FOXBOROUGH, Mass. — Two weeks ago the New England Patriots trailed the Denver Broncos 24-0 at the half before rallying to win in overtime, 34-31. Last week the Patriots trailed the Houston Texans 17-7 at the half before coming back for a 34-31 victory.

In each instance the Patriots’ offense, led by Tom Brady, was lauded for its ability to turn things around, to bring New England back from the brink.

Lost in this discussion, however, is the fact that the defense also has played better in the second half of each game. Not perfect by any means, but better.

They held the Broncos, with the NFL’s most potent and prolific offense, to seven points in the second half plus overtime. Peyton Manning completed just half of his 22 passes for 81 yards. Then they held the Texans to 14 points, Houston gaining just 48 yards rushing.

Matt Patricia, the Patriots’ defensive coordinator, credits the players for making in-game adjustments. But the players say it’s a collaborative effort.

“I think our coaches do a great job of coming in at halftime and really presenting to us how a team is trying to attack us and making adjustments to contain that stuff,’’ said strong safety Steve Gregory. “And I think we take it upon ourselves as players to go out and put together a good second half, and go out and win the football game.’’

The adjustments have come in the form of personnel. Against the Broncos they played almost exclusively in a nickel package in the second half, with an extra defensive back, along with linebackers Dane Fletcher and Jamie Collins. Both are quicker, more athletic and capable of dropping back into pass coverage. That fostered the ability to use a 3-4 defense, from the 4-3, to take advantage of the athleticism of Rob Ninkovich and Chandler Jones.

Whatever the adjustment, the defense has made more stops.

The Broncos, for instance, were just 4 of 9 in third-down conversions in the second half (after going 5 of 9 in the first half), while Houston was just 1 of 5 (after going 4 of 6). That gives the offense more opportunities to score and Brady and Co., haven’t disappointed.

But Ninkovich wants to do even better.

“As a defensive player, you don’t want to have that happen,’’ he said. “You don’t want it to come down to your offense having to win the game for you. You always want to put yourself in a positive (situation) where defensively you give as many chances to the offense. But, you know, we haven’t done our best to stop the run.’’

The Patriots have the second-worst run defense in the NFL, giving up an average of 138.2 yards per game. Of course, there’s some personnel reasons for that. Early in the year, when the Patriots had nose tackle Vince Wilfork, defensive tackle Tommy Kelly and linebacker Jerod Mayo – all out with season-ending injuries suffered in three consecutive games – they had one of the league’s better run defenses.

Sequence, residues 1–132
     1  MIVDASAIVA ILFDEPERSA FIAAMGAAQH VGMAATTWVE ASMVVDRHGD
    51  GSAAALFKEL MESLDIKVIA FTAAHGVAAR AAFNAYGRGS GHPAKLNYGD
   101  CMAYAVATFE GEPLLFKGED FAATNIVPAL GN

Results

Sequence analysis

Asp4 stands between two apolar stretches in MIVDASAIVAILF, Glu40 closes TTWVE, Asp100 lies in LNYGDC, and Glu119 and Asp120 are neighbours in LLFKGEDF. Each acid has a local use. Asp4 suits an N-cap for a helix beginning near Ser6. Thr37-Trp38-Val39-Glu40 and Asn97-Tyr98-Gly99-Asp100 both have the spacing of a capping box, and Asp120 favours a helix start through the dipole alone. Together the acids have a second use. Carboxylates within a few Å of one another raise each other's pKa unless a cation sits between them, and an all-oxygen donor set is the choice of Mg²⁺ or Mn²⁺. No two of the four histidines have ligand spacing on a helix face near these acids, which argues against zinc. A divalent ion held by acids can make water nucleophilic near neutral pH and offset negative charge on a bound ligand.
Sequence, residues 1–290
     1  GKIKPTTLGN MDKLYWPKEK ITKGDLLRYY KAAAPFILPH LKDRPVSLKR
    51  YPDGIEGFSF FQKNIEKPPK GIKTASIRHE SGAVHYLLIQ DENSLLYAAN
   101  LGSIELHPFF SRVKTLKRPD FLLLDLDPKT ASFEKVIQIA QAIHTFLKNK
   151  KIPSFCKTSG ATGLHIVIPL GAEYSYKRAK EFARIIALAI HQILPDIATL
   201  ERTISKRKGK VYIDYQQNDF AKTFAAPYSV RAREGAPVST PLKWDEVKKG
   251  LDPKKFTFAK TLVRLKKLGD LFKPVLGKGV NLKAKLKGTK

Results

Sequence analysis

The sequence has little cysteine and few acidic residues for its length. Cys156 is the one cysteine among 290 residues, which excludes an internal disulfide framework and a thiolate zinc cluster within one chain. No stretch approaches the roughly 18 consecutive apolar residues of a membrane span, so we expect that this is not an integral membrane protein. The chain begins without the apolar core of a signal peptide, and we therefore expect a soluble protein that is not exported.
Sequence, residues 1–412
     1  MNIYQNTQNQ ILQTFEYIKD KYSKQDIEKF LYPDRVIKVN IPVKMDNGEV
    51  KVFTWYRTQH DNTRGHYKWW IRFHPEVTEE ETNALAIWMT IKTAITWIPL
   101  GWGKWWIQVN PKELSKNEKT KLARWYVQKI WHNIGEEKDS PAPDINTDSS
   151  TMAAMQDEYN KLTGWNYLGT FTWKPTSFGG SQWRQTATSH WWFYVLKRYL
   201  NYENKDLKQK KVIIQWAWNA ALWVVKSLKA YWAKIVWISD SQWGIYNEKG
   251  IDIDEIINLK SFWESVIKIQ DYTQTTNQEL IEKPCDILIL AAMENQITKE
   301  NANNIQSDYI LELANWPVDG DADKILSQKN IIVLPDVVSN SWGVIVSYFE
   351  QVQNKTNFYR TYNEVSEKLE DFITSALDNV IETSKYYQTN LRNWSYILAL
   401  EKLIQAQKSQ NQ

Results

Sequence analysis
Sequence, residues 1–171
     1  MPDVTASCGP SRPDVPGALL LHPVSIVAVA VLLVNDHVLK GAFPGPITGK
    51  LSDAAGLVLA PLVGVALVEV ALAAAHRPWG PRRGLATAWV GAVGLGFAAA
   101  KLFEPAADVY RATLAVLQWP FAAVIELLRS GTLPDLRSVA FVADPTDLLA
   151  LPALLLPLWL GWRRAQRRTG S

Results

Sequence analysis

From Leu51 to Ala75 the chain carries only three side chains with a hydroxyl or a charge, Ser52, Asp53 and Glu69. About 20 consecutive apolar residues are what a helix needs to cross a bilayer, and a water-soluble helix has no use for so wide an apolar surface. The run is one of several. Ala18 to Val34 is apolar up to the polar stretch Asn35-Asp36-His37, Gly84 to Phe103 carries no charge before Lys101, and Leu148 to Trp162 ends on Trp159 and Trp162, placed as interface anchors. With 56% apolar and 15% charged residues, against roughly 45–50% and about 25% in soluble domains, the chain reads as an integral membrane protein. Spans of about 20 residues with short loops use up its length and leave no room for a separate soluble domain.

But entering Sunday’s game with the Cleveland Browns at Gillette Stadium, the Patriots have seen their defensive stats skyrocket in the six games they’ve played without those three. They are giving up 21.8 more rushing yards per game without them, and 7.8 more points. The Patriots are now giving up an average of 21.8 points per game.

Rob Chudzinski, the Browns coach, points to those injuries –as well as others that have kept defensive backs Aqib Talib and Steve Gregory out of the lineup for a couple of game – as handicapping the Patriots defense.

But, he noted, “The thing about the defense I see is that they make key plays at key times.’’

Especially in the second half.

Early in the third quarter of the Denver game, with New England trailing 24-7, Fletcher forced a fumble that was recovered by Brandon Spikes, leading to a touchdown. Then, early in the fourth, with New England trailing 24-21, Logan Ryan intercepted Manning, leading to the go-ahead touchdown.

Against Houston, the Patriots held the Texans to 23 total yards on their last three series.

Ninkovich, who is third on the team with 71 tackles, said it often isn’t as complicated as it might seem.

“As far as defense, it’s not rocket science out there,’’ said Ninkovich “Everyone has a gap, everyone’s got to be in a specific spot. So if you’re not there, and you’re in someone else’s spot, that’s where the trouble begins.

“So it’s about being accountable for your job and doing your job to the best of your ability.’’

Gregory agreed.

“Each week presents a different challenge,’’ he said. “Every team presents something different. Sometimes it’s not necessarily making changes, it’s just going out and doing your job a little better.

“It’s hard to pinpoint one specific (adjustment) because every week presents something different.’’

Neither Gregory nor Ninkovich are concerned about the number of points the Patriots are allowing lately. They only care about one statistic, and that’s the win column.

“Our ultimate goal is to win a football game,’’ said Gregory. “Whether that’s 31-30 or 10-0, it really doesn’t matter. We’ve just got to find a way to come out with a win.

“As long as we’re doing that, we’re going to be OK. Now, is there room for improvement? Of course. Are there situations we’d like to be better at? Yeah. Obviously you never want to give up a lot of points. You want to give up zero points every week. But that’s just not reality. For us, the main focus is to come back, week in and week out, and continue to find ways to play good solid football on defense. If we can continue to do that, it will help us down the stretch.’’

Mike Lowe can be reached at 791-6422 or at:

mlowe@pressherald.com

Twitter: MikeLowePPH